Slice-seeding is one of the most intense lawn seeding methods for established lawns and overkill for a lawn that is in half-decent shape. In fact, a slice seeder will rip out existing plants and till up a lot of your existing, healthy lawn. It’s typically only considered as a method for lawns that need a complete renovation where you’re starting from scratch. Since it’s a time-consuming process, slice-seeding is an expensive option and not a common recommended practice.
The process of overseeding a lawn by itself is not going to be very effective. It’s not uncommon for homeowners to see bare spots on their lawn and throw some seed down.
If you are seeding alone, and not doing anything to loosen the soil so that roots can develop more easily, a large percentage of that seed will never germinate. Seeds must have contact with loosened soil to be able to grow.
The best lawn seeding method for an overwhelming majority of existing lawns is a combination of aeration and overseeding, performed together. During aeration, a machine called a core aerator is used to pull half-inch diameter cores of soil (about two inches deep) throughout the lawn. This process helps to loosen the soil and therefore provide better seed to soil contact.
New grass will grow out of the created holes as well as on the cores that are pulled and left atop lawn. It’s an ideal condition for growing new grass plants. Don't forget, choosing the right grass seed is also very important.
Not only is aeration and overseeding typically the most effective way to plant grass seed in an existing lawn, it’s also the most cost-effective. While sod will be the quickest way to get a new lawn, it can also get incredibly expensive (as much as $1 per square foot, for the sod alone, no grading included).
And while slice-seeding can also be very effective, it’s usually twice the cost of aeration and as much as six times the cost of seeding alone. Plus, rarely does a lawn need such an intense service.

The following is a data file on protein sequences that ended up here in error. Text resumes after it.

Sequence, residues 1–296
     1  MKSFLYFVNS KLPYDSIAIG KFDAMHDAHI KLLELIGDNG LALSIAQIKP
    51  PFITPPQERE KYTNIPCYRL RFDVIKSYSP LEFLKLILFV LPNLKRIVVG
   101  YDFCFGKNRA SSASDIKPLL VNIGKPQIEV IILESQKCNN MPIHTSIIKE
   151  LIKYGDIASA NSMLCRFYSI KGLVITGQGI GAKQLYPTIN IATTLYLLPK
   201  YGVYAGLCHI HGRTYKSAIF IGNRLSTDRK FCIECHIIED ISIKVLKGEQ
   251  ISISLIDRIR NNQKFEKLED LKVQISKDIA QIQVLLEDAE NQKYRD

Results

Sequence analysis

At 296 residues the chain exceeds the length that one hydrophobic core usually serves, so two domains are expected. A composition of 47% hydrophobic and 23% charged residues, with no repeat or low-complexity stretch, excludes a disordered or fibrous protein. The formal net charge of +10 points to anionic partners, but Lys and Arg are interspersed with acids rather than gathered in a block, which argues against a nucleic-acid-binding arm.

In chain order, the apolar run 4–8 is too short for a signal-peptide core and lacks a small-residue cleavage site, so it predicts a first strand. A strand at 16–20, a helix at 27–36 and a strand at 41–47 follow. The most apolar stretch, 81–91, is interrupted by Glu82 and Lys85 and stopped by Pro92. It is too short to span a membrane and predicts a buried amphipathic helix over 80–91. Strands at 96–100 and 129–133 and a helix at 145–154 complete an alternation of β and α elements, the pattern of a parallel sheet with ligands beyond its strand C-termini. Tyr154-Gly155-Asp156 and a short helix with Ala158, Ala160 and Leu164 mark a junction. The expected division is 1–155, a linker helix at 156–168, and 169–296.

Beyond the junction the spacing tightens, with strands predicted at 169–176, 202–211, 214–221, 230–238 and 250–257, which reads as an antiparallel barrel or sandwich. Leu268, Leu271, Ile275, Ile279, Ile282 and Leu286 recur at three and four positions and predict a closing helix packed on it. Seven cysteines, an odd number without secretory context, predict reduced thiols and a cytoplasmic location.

Aeration and overseeding works for the majority of lawns we encounter. In fact, a lot of homeowners think their lawns are in worse shape than they actually are. Aeration and overseeding often has surprising results. The process not only introduces new grass plants, but it helps an established lawn as well. By breaking up the soil, oxygen, water, and nutrients are able to penetrate down to your lawn’s roots, where it’s needed most.
Many homeowners make aeration and overseeding part of their annual lawn care maintenance plan. It’s not as invasive as some of the other lawn seeding methods we’ve mentioned. Instead, aeration and overseeding will help keep soil in the best shape as well as continuously introduce new and improved varieties of grass into the lawn to help it stay thick.
By choosing aeration and overseeding, you will end up with a healthy lawn that has long-lasting results. Plus, you’ll fill in those bare spots and be able to get more enjoyment out of your lawn—all at a reasonable price that won’t break the bank.
If you’d like to learn more about aeration and overseeding for your Cincinnati, Dayton, OH, or Northern Kentucky home, get your quote, help us find the program that’s best for you, then sit back and relax as we transform your lawn.
Image Sources: grading and seeding, sod, hydroseeding